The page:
In the aftermath of criticism of Aaron Rodgers’ leadership capabilities from the agent of Jermichael Finley and Desmond Bishop, wide receiver James Jones and other teammates defended their quarterback on Tuesday. “Me and A-Rod are way closer than that, man, to let something like that come in between us,” Jones is quoted as saying by Bill Huber of Packer Report. “We’re out there trying to win the ball game. It was my fault. I gave him mixed signals. I mean, we’re all emotional out there, man. It’s common, man. We do a lot of head gestures and stuff like that, the camera may not just be on us. Me and him, we’re both competitive, we’re trying to win. It was my fault. We don’t ever want to turn the ball over. I’m not mad at him. Shoot, we’re trying to win, man. Get on me. I messed up.” Jones was the target of public criticism from Rodgers in the Packers’ victory over the Bears last Thursday night when Jones ran a poor route. Jones also acknowledged that Rodgers apologized.
The Packers received a bit of good news in the injury department when Greg Jennings returned to practice on Tuesday. “Green Bay’s starting receiver returned to practice on a limited basis Tuesday after missing the Chicago Bears game Thursday with a groin injury,” writes Lori Nickel of the Journal Sentinel. “He had five receptions for 34 yards in the season-opening loss to San Francisco and usually draws the top cornerback on defense, so his presence alone may create opportunities elsewhere on offense.” Running back James Starks (turf toe) and defensive lineman C.J. Wilson (groin) also practiced on Wednesday, which is making for a healthy team heading into the Seahawks game.
Several rookies played prominent roles for the Packers in their win against the Bears, which is starting to gain some attention seeing as how well they played. “Against the Bears, six rookies chipped in on defense: First-round pick Nick Perry and undrafted free agent Dezman Moses were part of a three-man rotation with veteran Erik Walden at left outside linebacker; second-round pick Jerel Worthy and fourth-round pick Mike Daniels each registered his first NFL sack as part of the defensive line rotation; fourth-round pick Jerron McMillian was the nickel/dime safety when Woodson would shift in sub packages and had his first NFL interception; and second-round pick Casey Hayward was the dime cornerback,” writes Jason Wilde of ESPNMilwaukee.com. The veterans on the team are encouraged by the contributions of the rookies, which provides peace of mind.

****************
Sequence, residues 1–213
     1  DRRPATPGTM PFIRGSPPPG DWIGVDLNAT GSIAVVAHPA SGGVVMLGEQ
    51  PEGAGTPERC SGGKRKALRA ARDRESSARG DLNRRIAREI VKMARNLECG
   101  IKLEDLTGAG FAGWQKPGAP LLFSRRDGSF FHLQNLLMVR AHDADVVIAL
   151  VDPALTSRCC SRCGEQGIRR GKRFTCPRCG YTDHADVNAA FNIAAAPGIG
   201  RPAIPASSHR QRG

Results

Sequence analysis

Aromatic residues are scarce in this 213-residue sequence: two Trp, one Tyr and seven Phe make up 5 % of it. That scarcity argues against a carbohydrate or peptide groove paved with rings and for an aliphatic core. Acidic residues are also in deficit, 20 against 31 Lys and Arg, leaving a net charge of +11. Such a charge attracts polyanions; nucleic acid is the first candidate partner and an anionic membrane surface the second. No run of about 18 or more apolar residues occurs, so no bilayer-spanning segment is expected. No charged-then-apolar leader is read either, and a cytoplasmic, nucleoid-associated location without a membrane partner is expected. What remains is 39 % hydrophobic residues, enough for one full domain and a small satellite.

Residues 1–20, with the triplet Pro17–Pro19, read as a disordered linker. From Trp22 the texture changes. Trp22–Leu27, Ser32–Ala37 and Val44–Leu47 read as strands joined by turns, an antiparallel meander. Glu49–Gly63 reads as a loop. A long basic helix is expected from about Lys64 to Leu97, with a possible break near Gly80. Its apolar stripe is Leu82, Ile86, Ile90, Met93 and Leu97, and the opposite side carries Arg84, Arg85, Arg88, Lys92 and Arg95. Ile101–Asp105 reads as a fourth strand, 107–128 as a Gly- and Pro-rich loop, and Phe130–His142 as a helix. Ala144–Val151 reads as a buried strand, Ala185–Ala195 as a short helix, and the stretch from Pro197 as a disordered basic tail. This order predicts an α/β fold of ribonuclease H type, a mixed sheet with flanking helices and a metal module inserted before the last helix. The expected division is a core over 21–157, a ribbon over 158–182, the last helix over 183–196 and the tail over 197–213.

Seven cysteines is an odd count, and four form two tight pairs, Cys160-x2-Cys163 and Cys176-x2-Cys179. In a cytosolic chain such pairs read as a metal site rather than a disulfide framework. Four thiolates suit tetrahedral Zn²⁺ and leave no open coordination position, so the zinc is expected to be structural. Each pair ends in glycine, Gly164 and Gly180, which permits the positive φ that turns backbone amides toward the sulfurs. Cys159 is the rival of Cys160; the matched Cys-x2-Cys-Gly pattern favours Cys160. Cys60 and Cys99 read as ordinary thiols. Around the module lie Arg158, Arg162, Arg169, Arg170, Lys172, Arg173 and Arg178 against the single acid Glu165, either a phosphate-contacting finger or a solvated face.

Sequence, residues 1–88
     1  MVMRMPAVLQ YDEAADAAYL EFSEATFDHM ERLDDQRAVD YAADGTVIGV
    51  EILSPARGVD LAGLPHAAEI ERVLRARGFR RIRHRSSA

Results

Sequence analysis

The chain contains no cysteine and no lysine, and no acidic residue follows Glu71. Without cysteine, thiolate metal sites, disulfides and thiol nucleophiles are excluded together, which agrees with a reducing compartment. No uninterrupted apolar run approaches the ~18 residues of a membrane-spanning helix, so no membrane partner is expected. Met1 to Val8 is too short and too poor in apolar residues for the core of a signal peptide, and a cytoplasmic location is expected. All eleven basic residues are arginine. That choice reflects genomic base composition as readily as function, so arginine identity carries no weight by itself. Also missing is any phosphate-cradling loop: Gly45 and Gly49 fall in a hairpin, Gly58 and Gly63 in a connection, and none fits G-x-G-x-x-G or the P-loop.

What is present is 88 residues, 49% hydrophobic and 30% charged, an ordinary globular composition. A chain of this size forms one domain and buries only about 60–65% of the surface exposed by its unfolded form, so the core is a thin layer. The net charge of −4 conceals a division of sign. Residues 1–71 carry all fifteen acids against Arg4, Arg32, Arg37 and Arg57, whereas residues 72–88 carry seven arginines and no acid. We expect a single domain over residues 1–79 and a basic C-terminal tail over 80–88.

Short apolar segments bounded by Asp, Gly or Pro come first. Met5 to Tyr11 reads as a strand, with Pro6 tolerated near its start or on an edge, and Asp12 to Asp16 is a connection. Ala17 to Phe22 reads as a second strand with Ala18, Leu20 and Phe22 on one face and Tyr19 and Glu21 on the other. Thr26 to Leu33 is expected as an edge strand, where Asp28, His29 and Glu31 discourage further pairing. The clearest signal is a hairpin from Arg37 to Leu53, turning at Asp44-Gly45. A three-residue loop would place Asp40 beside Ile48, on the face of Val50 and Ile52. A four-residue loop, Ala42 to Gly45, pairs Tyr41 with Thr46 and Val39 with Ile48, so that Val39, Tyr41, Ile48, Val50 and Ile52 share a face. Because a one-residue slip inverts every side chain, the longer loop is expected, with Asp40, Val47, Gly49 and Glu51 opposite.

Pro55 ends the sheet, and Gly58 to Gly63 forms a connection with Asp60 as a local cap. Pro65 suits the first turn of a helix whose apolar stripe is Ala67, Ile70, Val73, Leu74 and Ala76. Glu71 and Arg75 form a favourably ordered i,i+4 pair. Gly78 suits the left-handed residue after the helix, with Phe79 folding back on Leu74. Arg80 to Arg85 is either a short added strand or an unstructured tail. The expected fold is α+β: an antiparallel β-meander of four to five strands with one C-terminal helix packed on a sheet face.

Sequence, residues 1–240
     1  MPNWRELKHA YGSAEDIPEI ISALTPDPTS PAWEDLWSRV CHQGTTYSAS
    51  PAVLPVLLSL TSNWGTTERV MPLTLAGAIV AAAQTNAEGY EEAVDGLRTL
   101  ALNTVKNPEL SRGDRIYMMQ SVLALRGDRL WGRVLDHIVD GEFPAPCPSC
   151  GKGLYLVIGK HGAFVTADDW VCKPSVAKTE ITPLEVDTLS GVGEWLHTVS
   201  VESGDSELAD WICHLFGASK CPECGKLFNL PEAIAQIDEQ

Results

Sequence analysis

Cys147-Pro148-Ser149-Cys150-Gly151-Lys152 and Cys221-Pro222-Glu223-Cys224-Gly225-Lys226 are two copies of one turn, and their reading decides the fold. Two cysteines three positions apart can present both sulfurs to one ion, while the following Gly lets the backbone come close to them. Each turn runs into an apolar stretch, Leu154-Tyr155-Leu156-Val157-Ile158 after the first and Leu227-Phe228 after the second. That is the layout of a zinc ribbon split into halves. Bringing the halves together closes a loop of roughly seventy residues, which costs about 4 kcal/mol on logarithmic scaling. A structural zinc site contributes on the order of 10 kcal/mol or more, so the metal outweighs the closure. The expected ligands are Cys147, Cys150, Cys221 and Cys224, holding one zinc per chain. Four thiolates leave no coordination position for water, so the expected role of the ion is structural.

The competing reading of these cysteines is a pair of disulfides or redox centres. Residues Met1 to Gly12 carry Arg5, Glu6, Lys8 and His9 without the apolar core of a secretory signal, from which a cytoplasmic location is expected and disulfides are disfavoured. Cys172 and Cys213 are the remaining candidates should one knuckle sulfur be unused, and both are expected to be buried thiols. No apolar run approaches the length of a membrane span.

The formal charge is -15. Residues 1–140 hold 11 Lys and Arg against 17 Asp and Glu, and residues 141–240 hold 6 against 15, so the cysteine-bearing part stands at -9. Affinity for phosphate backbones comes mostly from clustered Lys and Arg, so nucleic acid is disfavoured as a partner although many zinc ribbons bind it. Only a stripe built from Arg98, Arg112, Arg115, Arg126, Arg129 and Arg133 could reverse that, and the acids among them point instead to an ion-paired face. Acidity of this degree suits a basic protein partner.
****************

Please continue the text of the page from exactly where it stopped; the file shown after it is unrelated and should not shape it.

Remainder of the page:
More on the rookies on defense comes from the Packers official website.
Packers defensive lineman Jerel Worthy talked to the media on Tuesday about facing a former college opponent, Seahawks quarterback Russell Wilson. “For a guy who may be undersized, he has one of the biggest hearts out on the field,” Worthy is quoted as saying by Wes Hodkiewicz of the Green Bay Press-Gazette. “He’s a very good quarterback. He’s very efficient, very smart. If he can’t see back there, he’s going to find a way to where he can get downfield and see the wide receivers. He’s going to make the plays. He’s a damn good player.” Worthy had a couple memorable matchups against Wilson when the two played at Michigan State and Wisconsin respectively.
The Packers are ranked third this week in the AP’s Pro32 poll.
Rookie linebacker Dezman Moses won his first regular season game for the first time in almost a year.
Mike McCarthy also answered fan questions in his weekly feature at the team’s official website.
NFL Films president Steve Sabol passed away on Tuesday. His memories of the Packers are shared at the Press-Gazette.
The Packers offense is the focus of an article at Packers.com.
Tom Crabtree and Brett Goode talk Packers football at PackersNews.com.
Statistical analysis on coverage sacks and pressure interceptions comes from AllGreenBayPackers.com.
Clay Matthews is named Pro Football Weekly’s Defensive Player of the Week.
Several thoughts on a couple of the Packers’ practice squad players are shared by Russ Lande at the National Football Post.
Cedric Benson is the subject of a blog post at Lombardi Ave.
Video: LeRoy Butler breaks down some Xs and Os at JSOnline…
Brian Carriveau is the author of “It’s Just a Game: Big League Drama in Small Town America,” a member of the Pro Football Writers of America and an editor at Cheesehead TV. To contact Brian, email firstname.lastname@example.org.